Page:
Evgeny Morozov's latest broadside in The New Republic takes on new books about Google by Steven Levy and Siva Vaidhyanathan. As always, Morozov is philosophically sophisticated and constitutionally critical. I've always liked this about him, though he can come off as a bit reactive, prone to attack each and every position one can hold about the Internet's political potential. (What, if anything, does Morozov like, exactly? I find myself asking. Habermas, dude, Habermas.)
In his new review, he drives at a central problem for Google: the company's unwillingness to engage in the politics of its actions. Hiding behind the "Don't Be Evil" figleaf, Morozov argues, the company refuses to go beyond a simplistic technocratic worldview. It hides behind data, rather than using it. "Google has a similar philosophy: all social and political conflicts can be reduced to quantitative models," he writes. Easy answers "can be computed." There is a rather obvious and unfavorable connotation to this kind of thinking in Robert McNamara's Vietnam Era "whiz kids" (and other RAND Corporation initiatives). Let the data decide!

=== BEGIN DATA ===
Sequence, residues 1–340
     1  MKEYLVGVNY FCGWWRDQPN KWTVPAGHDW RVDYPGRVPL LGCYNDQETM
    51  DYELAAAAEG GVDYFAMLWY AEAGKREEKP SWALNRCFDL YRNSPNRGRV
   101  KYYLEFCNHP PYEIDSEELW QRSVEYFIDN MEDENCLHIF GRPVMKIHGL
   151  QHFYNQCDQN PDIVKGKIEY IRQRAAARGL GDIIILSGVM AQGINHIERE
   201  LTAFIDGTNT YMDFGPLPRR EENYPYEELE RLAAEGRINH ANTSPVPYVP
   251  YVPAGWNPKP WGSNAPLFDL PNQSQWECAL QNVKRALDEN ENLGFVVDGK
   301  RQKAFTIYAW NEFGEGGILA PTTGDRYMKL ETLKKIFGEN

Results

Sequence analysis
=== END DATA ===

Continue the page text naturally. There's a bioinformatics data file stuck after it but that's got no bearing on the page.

As someone who believes that far too much of the world runs on spreadsheets that mask the amount of uncertainty in the world, I'm very sympathetic to Morozov's critique.